11. The read channel apparatus of claim 10, further comprises:
N-2 interpolators for interpolating the sample values output from the equalizer respectively to generate N-2 sequences of interpolated sample values;
wherein a data sequence composed of the N-2 sequences, the sequence output from the equalizer, and the sequence of the first interpolated sample values is substantially synchronized to the baud rate, and is output to the timing recovery controller and the DC offset estimator, for synchronizing the sampling clock with the data recorded on the optical storage system and generating the estimated DC offset respectively.
12. The read channel apparatus of claim 11, wherein the sampling clock has a sampling rate substantially equaling to 1/N the baud rate.
13. The read channel apparatus of claim 5, further comprises:
a first equalizer for equalizing the first interpolated sample values in accordance with a target spectrum, and outputting to the timing recovery controller and the DC offset estimator; and
a second equalizer for equalizing the DC-removed sample values in accordance with the target spectrum, and outputting to the timing recovery controller and the DC offset estimator.
14. The read channel apparatus of claim 13, further comprises:
N-2 interpolators, each interpolator interpolating the DC-removed sample values to generate a corresponding sequence of interpolated sample values; and
N-2 equalizers, each equalizer coupled to one interpolator for equalizing the interpolated sample values in accordance with the target spectrum;
wherein a data sequence composed of the sequences output from the first equalizer, second equalizer, and N-2 equalizers is substantially synchronized to the baud rate, and is output to the timing recovery controller and the DC offset estimator, for synchronizing the sampling clock with the data recorded on the optical storage system and generating the estimated DC offset respectively.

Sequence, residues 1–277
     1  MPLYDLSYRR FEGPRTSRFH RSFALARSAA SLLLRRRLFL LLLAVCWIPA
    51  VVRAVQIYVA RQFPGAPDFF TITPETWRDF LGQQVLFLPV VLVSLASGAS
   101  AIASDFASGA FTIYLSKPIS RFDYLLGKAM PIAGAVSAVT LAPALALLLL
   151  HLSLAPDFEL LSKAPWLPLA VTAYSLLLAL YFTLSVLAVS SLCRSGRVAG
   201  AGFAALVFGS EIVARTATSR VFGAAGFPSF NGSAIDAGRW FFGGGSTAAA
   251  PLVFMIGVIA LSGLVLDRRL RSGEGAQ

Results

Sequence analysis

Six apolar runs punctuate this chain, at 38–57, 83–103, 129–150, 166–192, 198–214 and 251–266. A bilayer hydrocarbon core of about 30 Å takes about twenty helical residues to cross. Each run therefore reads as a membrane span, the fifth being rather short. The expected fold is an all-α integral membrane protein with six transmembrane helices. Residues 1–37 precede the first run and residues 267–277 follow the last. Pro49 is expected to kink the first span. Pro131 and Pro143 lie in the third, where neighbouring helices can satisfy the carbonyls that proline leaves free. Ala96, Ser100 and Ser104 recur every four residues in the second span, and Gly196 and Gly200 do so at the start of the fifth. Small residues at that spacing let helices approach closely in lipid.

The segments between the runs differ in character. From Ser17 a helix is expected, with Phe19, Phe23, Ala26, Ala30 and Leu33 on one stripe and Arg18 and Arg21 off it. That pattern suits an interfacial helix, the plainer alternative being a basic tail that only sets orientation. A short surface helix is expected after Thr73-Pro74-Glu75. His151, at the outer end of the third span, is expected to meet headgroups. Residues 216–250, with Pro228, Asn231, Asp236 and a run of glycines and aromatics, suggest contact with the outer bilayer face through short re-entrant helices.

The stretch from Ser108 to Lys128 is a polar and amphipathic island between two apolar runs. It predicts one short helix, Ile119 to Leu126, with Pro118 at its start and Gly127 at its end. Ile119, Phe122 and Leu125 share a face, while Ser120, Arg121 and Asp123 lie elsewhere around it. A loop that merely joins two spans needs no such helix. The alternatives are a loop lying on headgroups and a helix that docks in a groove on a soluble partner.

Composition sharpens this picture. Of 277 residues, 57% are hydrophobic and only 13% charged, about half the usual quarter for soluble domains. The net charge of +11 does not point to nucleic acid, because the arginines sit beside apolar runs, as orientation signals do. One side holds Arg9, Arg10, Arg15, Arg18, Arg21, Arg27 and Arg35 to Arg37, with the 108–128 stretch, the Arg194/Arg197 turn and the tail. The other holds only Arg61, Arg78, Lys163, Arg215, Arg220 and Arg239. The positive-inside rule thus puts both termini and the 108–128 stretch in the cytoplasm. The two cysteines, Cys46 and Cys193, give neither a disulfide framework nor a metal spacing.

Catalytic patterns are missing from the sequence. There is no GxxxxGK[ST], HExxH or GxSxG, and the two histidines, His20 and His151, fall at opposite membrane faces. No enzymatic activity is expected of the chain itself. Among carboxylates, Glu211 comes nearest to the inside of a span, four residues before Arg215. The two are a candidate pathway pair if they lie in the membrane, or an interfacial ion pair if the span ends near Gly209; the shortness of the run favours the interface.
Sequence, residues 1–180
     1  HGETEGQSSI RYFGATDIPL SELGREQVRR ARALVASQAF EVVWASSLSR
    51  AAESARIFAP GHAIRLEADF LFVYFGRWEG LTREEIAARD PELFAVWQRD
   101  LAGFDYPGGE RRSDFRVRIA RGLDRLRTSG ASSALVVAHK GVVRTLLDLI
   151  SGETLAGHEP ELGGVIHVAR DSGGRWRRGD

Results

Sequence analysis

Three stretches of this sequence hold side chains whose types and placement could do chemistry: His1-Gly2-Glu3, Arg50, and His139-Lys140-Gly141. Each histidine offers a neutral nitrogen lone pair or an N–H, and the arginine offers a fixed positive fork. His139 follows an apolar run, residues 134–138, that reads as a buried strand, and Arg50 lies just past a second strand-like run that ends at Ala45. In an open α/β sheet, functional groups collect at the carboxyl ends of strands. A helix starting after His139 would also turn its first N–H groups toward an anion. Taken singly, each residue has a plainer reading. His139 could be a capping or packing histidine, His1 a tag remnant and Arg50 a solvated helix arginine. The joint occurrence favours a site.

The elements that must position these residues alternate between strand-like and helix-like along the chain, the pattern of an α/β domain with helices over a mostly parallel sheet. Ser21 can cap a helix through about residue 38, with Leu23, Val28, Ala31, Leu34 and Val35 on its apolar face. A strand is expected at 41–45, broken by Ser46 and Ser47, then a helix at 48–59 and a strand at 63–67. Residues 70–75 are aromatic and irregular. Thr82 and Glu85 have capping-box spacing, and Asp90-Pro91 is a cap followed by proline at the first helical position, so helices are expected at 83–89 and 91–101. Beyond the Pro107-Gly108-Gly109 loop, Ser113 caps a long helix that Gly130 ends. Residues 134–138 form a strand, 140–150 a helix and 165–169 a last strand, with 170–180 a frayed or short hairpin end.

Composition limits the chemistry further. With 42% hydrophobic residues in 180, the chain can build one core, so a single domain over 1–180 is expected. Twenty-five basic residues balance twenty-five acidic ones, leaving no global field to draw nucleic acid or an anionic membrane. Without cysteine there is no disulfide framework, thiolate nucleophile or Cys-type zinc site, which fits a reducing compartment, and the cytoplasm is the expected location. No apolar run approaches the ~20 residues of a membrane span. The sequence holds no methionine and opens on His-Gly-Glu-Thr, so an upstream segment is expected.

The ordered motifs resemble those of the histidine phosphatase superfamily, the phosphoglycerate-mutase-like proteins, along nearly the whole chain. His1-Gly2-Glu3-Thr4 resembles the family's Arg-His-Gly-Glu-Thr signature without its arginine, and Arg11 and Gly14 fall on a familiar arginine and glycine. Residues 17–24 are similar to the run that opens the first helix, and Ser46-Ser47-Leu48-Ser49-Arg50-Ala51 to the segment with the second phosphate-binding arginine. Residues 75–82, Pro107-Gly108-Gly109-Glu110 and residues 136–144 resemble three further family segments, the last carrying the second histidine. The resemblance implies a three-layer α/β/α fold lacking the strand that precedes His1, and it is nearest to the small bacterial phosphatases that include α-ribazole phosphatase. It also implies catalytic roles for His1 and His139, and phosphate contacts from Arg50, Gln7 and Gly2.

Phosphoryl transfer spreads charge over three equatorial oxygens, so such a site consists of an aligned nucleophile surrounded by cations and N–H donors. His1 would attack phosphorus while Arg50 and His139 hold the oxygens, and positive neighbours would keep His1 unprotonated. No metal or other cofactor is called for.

15. The read channel apparatus of claim 14, wherein the sampling clock has a sampling rate substantially equaling to 1/N the baud rate.
16. A read channel apparatus for reading data recorded on an optical storage system at a predetermined baud rate, comprising:
a sampling device for sampling an analog read signal generating from the optical storage system according to a sampling clock to generate a sequence of sample values;
N equalizers for equalizing the sample values in accordance with a target spectrum to generate N sequences of equalized sample values;
a timing recovery controller, responsive to the N sequences of equalized sample values, for controlling the sampling clock in order to synchronize in phase with the data recorded on the optical storage system.
17. The read channel apparatus of claim 16, further comprising a sequence detector for detecting the recorded data from the N sequences of equalized sample values.
18. The read channel apparatus of claim 17, wherein the sequence detector is a Viterbi sequence detector.
19. The read channel apparatus of claim 16, wherein the sampling device is an analog-to-digital converter.
20. The read channel apparatus of claim 16, wherein the sampling clock has a sampling rate substantially equaling to 1/N the baud rate.
21. The read channel apparatus of claim 20, wherein each of the N equalizers interpolates the sample values to generate the corresponding equalized sample values, and a data sequence composed of the N sequences of equalized sample values is substantially synchronized to the baud rate.
22. The read channel apparatus of claim 16, wherein the sampling clock has a sampling rate substantially equaling to the baud rate.
Description
CROSS REFERENCE TO RELATED APPILCATIONS

This application is a Continuation-In-Part of pending U.S. patent application Ser. No. 11/126,911, filed May 11, 2005 and entitled “READ CHANNEL APPARATUS AND METHOD FOR AN OPTICAL STORAGE SYSTEM”, which is a Continuation of prior application Ser. No. 09/947,169, filed Sep. 5, 2001 (now U.S. Pat. No. 6,904,084) and entitled “READ CHANNEL APPARATUS AND METHOD FOR AN OPTICAL STORAGE SYSTEM”.

BACKGROUND OF THE INVENTION

1. Field of the Invention

The present invention relates generally to an optical storage system and, in particular, to a read channel apparatus for an optical storage system.

2. Description of the Related Art

In recent years, the development of new optical recording media and data compression techniques has made it possible to achieve enormous data storage capacity using optical storage systems. Optical storage systems are used to store audio information, such as in Compact Disk (CD) players, as well as visual and computer information, such as in CD-ROM and the more recent Digital Video Disk (DVD) players. The information is typically recorded as a binary sequence by writing a series of “pits” on the optical medium which represent binary “1” and “0” bits. When reading this recorded data, a pick-up head (transducer), positioned in close proximity to the rotating disk, detects the alternations on the medium and generates an analog read signal. The analog read signal is then detected and decoded by read channel circuitry to reproduce the recorded data.